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Redefining the landscape of government for women in technology

March 17, 2022//by Hutch
Redefining the landscape of government for women in technology

It’s no secret that women entrepreneurs are underrepresented in the business world. In fact, this problem is so well known that the Small Business Administration created a program to address it. The Women-Owned Small Business Federal Contracting Program requires agencies to award at least 5% of all federal contracting dollars to women-owned small businesses. But in the past sixteen years, this goal has only been met a handful of times. 

This isn’t due to a lack of women entrepreneurs. In 2019, 42% of all businesses in the U.S. were women-owned. And this number seems to be growing. A LinkedIn study found that, during the pandemic, women-founded companies grew by 27%, while others grew by just 17%. 

So, why do women continue to be underrepresented in business? 

One of the main barriers that women entrepreneurs face — especially women of color — is lack of access to opportunities, capital, and support. This lack of support is especially critical in the government contracting space, which is highly complex and difficult to break into. 

Clair Koroma is the Chief of Staff, Cloud Computing Program Officer, at the U.S. Department of Defense, and she understands how important it is for women in government to have a network of support.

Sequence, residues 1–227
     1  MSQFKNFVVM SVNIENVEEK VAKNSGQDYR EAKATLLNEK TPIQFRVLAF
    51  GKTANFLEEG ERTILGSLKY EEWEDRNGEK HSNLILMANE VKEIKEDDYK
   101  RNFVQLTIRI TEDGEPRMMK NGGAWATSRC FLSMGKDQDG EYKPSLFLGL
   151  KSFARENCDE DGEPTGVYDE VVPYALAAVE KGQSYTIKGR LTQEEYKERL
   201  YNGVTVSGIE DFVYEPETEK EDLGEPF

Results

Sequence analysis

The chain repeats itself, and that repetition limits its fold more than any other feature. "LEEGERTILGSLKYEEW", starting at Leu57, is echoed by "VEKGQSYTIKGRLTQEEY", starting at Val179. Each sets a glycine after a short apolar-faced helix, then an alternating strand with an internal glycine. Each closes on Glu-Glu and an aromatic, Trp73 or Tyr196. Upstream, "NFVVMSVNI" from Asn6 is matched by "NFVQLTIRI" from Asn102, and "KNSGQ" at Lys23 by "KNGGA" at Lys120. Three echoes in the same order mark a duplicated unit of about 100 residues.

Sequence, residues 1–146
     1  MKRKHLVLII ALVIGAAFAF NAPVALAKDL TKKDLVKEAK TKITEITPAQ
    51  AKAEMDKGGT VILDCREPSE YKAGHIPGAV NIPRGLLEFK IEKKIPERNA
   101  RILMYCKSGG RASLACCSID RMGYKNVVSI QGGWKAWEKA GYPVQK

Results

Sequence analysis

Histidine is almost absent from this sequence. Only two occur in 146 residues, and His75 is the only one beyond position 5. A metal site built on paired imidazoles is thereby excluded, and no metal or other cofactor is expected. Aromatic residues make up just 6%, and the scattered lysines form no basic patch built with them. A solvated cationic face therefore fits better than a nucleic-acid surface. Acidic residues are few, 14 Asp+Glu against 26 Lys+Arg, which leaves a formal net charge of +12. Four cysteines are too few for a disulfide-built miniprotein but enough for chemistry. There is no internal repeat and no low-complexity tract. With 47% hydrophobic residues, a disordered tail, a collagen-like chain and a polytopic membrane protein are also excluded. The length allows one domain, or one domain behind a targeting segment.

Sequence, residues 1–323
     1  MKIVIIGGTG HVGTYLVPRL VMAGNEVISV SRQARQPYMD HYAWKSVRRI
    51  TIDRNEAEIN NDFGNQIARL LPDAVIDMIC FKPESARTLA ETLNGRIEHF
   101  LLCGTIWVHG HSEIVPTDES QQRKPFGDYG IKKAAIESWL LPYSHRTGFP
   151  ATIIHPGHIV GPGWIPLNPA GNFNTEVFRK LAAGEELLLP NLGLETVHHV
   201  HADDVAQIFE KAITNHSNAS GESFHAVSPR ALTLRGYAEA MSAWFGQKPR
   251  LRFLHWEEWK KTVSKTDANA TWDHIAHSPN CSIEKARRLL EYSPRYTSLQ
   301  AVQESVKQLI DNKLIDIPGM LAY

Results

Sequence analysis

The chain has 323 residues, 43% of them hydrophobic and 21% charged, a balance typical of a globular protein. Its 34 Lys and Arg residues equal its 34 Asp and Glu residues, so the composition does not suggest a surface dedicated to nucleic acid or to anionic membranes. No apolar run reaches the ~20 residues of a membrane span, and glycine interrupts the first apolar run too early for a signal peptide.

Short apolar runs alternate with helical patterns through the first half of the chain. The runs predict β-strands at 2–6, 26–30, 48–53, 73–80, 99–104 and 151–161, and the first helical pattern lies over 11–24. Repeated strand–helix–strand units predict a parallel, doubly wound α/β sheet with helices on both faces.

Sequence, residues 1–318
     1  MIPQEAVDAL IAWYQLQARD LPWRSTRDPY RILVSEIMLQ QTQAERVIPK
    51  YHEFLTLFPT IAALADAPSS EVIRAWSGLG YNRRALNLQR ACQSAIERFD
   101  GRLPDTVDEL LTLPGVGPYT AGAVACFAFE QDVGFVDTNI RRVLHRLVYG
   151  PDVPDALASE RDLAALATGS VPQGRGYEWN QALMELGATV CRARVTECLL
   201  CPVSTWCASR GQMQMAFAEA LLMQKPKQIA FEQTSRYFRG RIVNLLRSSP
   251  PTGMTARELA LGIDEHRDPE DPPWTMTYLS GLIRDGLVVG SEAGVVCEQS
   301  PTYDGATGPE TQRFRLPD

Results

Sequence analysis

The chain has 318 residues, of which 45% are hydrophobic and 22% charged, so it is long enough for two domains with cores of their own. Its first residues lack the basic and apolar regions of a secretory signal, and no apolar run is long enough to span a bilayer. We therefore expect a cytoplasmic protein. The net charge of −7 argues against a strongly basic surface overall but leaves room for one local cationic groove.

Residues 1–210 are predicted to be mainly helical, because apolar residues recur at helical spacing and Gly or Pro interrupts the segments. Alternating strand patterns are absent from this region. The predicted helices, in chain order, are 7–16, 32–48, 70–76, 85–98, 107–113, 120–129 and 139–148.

“I think that this community is incredibly important to the success of government missions,” Koroma said. “For women in the field, I believe that it’s really important to have role models / mentors with similar shared experiences.”

At Hutch, we also believe in the power of community as an agent of change. And while the government digital services industry has to do better for women and minority entrepreneurs in many ways, creating a community of support is one way we can combat these historical inequities. And this kind of diversification isn’t just good for women and minority-owned businesses; it’s also critical to the growth and success of the government digital services movement. 

This blog was published independently of the U.S. Department of Defense. This release does not constitute or imply an endorsement by U.S. Department of Defense or the United States Government of the product, process, service, producer, or provider. The views and opinions expressed in any referenced document do not necessarily state or reflect those of the U.S. Department of Defense or the United States Government.